MITT ROMNEY is determined to prove he's pro-life. How about proving he's pro-truth?
Every time Romney tries to explain his evolution from supporter to opponent of abortion rights, his honesty comes into question. That's because his explanations over the years don't add up.
When Republican presidential candidates were asked recently to cite their biggest mistake, Romney replied: "Probably from a political standpoint and a personal standpoint, the greatest mistake was when I first ran for office, being deeply opposed to abortion but saying, 'I support the current law,' which was pro-choice and effectively a pro-choice position. That was just wrong."
The truth is, when Romney ran for office in Massachusetts he went far beyond saying, "I support the current law."
He begged voters to accept him as an embracer of abortion rights. "I believe that abortion should be safe and legal," he said. He staked his credentials on his mother, Lenore. He said she ran for the Senate in 1970 on an abortion-rights platform, inspired by the death of her son-in-law's teenage sister from an illegal abortion. "My mother and my family have been committed to the belief that we can believe as we want, but we will not force our beliefs on others on that matter. And you will not see me wavering on that," he said.
In June 2005, former Globe columnist Eileen McNamara challenged Romney's assertion of his mother's pro-choice position. Two longtime Romney family friends and political supporters -- former governor William Milliken and former Republican National Committee co-chairwoman Elly Peterson -- told McNamara they could not recall Lenore Romney speaking out publicly for abortion. If she had, it would have represented a dramatic change of heart and break with the Mormon Church. Peterson, who worked on Lenore Romney's campaign, said, "If it happened, I'd remember it. It didn't and I don't." Milliken, who served as George Romney's lieutenant governor, also expressed skepticism.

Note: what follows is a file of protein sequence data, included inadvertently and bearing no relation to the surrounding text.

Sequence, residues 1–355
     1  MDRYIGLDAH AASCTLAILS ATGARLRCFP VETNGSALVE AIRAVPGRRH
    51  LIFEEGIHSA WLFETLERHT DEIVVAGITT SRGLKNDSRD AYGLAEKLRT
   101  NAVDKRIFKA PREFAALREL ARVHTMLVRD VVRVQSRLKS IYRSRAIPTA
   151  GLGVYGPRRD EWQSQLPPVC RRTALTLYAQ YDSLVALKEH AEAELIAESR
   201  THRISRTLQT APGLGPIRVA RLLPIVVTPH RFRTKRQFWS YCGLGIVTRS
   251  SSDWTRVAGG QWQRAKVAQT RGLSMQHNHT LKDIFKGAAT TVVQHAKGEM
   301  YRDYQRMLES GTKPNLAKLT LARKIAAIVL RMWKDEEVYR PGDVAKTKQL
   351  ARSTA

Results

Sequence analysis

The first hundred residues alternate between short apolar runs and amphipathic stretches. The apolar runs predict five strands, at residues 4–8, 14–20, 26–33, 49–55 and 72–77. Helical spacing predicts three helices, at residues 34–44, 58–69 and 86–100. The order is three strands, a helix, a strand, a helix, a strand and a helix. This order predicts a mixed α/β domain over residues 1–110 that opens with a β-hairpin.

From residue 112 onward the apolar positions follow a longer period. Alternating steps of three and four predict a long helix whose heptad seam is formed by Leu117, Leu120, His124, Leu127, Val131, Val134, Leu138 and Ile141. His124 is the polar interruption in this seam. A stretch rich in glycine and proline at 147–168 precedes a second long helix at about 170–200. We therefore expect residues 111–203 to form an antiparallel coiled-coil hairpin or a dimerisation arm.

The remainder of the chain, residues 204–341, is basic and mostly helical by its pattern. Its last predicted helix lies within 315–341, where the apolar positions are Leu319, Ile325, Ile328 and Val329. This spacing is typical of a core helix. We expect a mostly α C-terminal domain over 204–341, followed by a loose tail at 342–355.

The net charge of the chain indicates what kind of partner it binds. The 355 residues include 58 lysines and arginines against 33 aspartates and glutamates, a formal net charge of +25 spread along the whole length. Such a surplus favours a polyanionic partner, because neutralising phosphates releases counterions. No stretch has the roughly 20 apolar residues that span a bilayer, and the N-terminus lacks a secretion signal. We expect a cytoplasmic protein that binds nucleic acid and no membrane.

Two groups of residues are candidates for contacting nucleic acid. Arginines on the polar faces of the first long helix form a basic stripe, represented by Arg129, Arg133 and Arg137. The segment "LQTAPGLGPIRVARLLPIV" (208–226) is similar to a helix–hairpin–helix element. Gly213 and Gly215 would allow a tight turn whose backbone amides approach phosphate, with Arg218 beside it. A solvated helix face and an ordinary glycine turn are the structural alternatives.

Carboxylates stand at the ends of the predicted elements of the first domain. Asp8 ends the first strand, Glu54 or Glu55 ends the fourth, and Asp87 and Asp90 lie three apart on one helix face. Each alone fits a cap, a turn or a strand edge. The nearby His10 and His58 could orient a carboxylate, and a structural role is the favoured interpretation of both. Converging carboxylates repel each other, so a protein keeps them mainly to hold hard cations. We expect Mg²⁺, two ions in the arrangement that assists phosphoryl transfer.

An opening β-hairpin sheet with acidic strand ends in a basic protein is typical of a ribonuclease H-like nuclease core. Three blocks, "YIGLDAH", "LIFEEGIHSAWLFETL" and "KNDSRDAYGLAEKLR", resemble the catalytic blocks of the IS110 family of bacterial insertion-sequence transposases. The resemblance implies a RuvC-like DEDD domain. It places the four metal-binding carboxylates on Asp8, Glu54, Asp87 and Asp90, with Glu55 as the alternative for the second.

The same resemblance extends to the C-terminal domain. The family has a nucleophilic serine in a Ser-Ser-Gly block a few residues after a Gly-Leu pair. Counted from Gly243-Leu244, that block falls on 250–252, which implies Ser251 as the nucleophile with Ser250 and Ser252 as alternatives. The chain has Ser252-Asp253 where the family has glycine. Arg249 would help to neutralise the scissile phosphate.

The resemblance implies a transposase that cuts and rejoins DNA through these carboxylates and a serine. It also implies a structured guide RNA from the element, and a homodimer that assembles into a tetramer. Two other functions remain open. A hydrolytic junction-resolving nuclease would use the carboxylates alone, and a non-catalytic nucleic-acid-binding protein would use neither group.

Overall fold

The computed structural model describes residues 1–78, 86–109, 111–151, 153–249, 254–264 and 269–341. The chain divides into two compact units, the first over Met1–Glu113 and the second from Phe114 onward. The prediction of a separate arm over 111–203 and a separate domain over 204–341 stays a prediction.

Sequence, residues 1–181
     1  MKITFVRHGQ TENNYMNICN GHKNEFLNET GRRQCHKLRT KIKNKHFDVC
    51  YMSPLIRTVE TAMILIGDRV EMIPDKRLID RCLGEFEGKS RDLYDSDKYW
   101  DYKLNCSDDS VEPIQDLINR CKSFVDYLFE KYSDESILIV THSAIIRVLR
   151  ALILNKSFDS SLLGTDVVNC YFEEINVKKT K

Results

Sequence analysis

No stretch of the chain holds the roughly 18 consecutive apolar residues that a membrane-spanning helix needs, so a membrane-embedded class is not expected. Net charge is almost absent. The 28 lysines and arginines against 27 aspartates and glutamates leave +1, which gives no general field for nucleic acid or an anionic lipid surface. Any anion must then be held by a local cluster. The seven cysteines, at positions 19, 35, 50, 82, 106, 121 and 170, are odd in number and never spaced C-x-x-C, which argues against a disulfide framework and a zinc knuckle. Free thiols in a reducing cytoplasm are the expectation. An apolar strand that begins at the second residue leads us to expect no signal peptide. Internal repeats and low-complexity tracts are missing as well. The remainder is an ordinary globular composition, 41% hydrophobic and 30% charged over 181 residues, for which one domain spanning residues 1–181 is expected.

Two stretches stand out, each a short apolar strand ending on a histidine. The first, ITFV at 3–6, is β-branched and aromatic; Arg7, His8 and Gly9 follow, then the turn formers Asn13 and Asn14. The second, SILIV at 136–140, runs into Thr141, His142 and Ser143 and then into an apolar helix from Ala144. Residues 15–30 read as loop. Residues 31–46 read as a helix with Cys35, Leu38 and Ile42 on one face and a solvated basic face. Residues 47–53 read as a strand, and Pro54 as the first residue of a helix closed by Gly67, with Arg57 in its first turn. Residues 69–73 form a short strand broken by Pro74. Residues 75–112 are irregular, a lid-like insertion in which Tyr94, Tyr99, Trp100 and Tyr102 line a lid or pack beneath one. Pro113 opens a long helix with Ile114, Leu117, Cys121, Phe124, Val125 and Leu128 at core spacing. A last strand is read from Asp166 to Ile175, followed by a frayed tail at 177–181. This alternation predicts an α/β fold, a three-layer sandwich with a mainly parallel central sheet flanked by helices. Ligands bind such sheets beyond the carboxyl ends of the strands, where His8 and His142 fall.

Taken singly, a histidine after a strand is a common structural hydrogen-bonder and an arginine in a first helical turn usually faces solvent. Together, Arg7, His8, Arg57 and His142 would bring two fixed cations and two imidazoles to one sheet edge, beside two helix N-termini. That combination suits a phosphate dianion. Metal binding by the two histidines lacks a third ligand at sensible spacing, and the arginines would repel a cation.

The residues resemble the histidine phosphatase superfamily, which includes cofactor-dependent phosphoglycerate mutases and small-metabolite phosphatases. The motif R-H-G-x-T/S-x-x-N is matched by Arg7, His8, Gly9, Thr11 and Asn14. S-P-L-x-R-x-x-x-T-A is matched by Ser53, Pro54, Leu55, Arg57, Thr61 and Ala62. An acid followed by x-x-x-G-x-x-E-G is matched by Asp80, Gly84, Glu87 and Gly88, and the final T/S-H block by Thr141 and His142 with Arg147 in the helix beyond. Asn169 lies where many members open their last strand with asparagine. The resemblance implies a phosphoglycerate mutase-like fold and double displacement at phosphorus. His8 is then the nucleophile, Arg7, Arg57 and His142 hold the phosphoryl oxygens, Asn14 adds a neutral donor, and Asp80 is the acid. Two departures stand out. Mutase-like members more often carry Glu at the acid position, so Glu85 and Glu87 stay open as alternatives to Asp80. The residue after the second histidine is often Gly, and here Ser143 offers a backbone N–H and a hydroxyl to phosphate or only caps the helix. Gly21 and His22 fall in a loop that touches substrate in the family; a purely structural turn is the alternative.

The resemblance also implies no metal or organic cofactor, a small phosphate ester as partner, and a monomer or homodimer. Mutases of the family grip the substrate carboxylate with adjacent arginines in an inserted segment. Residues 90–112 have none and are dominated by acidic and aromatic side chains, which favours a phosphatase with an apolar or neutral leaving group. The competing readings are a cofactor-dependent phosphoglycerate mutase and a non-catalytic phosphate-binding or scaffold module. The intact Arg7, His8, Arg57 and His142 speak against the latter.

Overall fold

In response to the column, Romney produced a statement of his mother's position at the time: "I support and recognize the need for more liberal abortion rights while affirming the legal and medical measures need to protect the unborn and pregnant woman." The statement is ambiguous and Romney never accounted for the ambiguity.
Romney campaigned for governor in 2002, again as a pro-choice candidate. He responded to the National Abortion Rights Action League's candidate survey with this statement: "I respect and will protect a woman's right to choose. This choice is a deeply personal one. Women should be free to choose based on their own beliefs, not mine and not the government's."
Romney's running mate, Kerry Healey, vouched for his pro-choice credentials, saying, "There's isn't a dime of difference between Mitt Romney's position on choice" and that of his Democratic opponent.
Then came Romney's alleged epiphany. It occurred, he said, during the Massachusetts debate over stem-cell research, which coincided with Romney's plan to run for president. No longer worried about winning votes in Massachusetts, Romney was free to declare his commitment to the antiabortion crusade.
That he is now a pro-life advocate, committed to overturning Roe v. Wade, is believable, given the political equation necessary to win the GOP nomination. How he got there reads like a script from a bad movie. After pondering stem-cell research, he walked away from his late mother's alleged pro-choice commitment, as well as what was described as a painful memory of a relative who died from an illegal abortion.
He also walked away from the one explanation that makes sense. "He's been a pro-life Mormon faking it as a pro-choice friendly," Romney adviser Mike Murphy told the National Review in 2006.
Politicians always listen for the beat of the constituency they seek to represent, and waltz to it as best they can. They routinely tap dance around tough issues. They cha-cha-cha, reversing course when necessary. But they don't all do what Romney did on abortion rights. He engaged in a full-body tango with Massachusetts voters, doing everything he could to convince them he was pro-choice. He used his mother and another dead relative as props in a cold political calculation. But, this "pro-life Mormon," to quote Murphy, was "faking it" big time.
That's more than a mistake. That's dishonest.
Romney could very well win the GOP nomination. If he does, establishing credentials as a truth-teller will be harder than establishing credentials as an abortion-rights opponent.
Joan Vennochi's e-mail address is email@example.com.